Remembering a lesson with the great Radu Lupu

19th April 2022 | Concerts, Inspirations, Teaching | 2 comments

Very sad news today that the great pianist Radu Lupu has died. He was probably the first ‘favourite pianist’ I chose for myself rather than taking my teachers’ choices on trust.

I tweeted something about having once had a couple of lessons with Radu Lupu when he was living in London. In response, American pianist Julio Elizalde suggested I could write something about that experience. In 2016 I wrote a bit about it in my book Speaking the Piano , so here for a start is that section of the chapter again. If it is of interest, I could write a bit more.

‘When I was a a young professional I once had a couple of lessons with the wonderful Romanian pianist Radu Lupu. During the lessons, he demonstrated how he felt certain passages should go. It was delightful to be so near him while he played and I observed him closely. After one of those lessons, my flatmates asked me what he had told me. To amuse them, I sat down at the piano and imitated Radu’s style of playing those passages, imitating (as best I could) his sense of timing, his way of driving through a passage, his dramatic shifts of dynamic, his way of leaning back against the back of the chair, even his stern expression. My friends were entranced – disturbingly entranced. ‘Go on!’ they implored. ‘That’s great!’

‘I felt a bit chagrined. Was my imitation of Radu Lupu so much better than my own playing? If so, should I carry on playing ‘like him’? I didn’t know what to think. Obviously my piano playing did not magically improve at the moment I decided to imitate Radu. I still had my own sound, which my flatmates heard every day when I practised, and seemed to take in their stride. Why were they suddenly so impressed? It had to be to do with body language and projection of some kind of aura. I realised that perhaps when I tried to ‘be Radu Lupu’ I was copying the outward signs of absolute self-belief and confidence in my right to hold an audience’s attention, and my friends were subconsciously responding to that.

‘Displaying the outward signs was not, however, the same as feeling them inwardly. At that stage of my development I was still trying to find my voice and build my confidence. When I was on the concert platform I probably looked as if I was pleading with the audience to like me. Radu Lupu didn’t look like that at all: his aura was magisterial. It seemed that I could imitate it, at least for the purposes of a demonstration. But I knew that to continue imitating Radu Lupu would be sterile, doomed to be nothing more than a tribute act. Perhaps I could try to incorporate his body language into my own platform manner? But I felt that would be a purely cosmetic change and easily identifiable as such. Instead, I tried to divine what the underlying principles of Radu’s playing were. That was a better decision which made it possible to digest what I had learned from him and to apply the principles elsewhere in my own way.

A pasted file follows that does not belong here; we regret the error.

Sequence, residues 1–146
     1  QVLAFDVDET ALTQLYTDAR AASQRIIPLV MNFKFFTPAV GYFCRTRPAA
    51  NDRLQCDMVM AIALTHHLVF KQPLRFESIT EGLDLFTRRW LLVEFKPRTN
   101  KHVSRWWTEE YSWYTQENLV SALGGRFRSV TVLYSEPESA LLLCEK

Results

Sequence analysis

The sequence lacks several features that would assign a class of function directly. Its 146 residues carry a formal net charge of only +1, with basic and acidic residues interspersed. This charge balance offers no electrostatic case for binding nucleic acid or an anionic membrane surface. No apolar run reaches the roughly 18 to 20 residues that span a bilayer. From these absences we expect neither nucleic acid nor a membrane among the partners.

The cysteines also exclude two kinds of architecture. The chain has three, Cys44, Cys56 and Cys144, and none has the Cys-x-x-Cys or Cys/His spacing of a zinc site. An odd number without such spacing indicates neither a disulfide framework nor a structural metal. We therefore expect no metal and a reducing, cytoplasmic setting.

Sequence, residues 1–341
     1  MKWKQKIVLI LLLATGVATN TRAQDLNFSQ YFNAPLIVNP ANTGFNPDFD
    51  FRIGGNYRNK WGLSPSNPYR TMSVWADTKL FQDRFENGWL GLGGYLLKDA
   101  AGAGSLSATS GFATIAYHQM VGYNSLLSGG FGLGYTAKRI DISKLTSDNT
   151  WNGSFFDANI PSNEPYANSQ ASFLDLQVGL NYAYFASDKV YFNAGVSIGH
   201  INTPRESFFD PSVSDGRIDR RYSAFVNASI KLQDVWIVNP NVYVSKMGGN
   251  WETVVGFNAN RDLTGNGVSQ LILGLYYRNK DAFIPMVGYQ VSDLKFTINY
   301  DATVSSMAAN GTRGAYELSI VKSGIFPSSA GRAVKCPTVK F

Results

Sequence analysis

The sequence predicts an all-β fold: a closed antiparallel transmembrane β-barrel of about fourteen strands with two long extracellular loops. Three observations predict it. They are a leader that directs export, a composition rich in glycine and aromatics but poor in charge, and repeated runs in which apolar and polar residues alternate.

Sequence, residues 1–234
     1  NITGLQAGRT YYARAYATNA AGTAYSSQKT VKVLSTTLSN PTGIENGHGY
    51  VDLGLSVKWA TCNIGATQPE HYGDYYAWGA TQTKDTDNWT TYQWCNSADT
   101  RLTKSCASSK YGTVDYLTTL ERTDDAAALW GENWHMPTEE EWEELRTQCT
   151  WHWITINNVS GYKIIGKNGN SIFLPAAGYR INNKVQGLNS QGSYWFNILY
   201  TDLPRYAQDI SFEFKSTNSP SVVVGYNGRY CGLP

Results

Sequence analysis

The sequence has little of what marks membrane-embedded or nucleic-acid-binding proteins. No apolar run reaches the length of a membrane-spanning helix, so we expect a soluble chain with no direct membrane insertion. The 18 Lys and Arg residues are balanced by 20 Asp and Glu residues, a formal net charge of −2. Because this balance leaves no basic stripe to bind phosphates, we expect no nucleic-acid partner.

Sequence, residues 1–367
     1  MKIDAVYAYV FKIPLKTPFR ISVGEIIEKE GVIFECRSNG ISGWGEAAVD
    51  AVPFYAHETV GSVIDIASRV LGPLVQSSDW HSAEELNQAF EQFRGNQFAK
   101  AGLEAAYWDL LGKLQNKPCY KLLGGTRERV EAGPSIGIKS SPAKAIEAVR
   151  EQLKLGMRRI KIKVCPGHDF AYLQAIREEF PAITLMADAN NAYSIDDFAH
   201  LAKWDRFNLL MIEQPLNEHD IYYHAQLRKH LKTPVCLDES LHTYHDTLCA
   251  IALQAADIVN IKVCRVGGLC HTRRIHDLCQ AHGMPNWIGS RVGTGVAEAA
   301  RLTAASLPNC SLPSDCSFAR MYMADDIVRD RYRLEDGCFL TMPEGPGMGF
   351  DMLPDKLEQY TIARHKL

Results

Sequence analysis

‘Of course one could say that playing like your hero might be possible for a few seconds, but would be impossible to sustain for a few minutes or hours. In reality your hero has unusual reserves of stamina and nerve, accumulated over thousands of hours of practice, which guarantee a high level of playing at all times and not only when adrenalin buoys them up for the length of an amusing demonstration. A brief and vivid effort of imagination by a student, however, can work wonders, especially in a playful context which prevents them from being too cerebral about what they’re accomplishing.’

from Speaking the Piano: Reflections on Learning and Teaching (Boydell Press, 2016), p.19-20


  1. Michael Coe

    More please!

  2. Archie McLellan

    Thanks Susan, that was a fascinating read. Imitating someone is often comical. What happened in your case was amazing. So, heading back to your opening, I AM interested, and would be very glad to read more.


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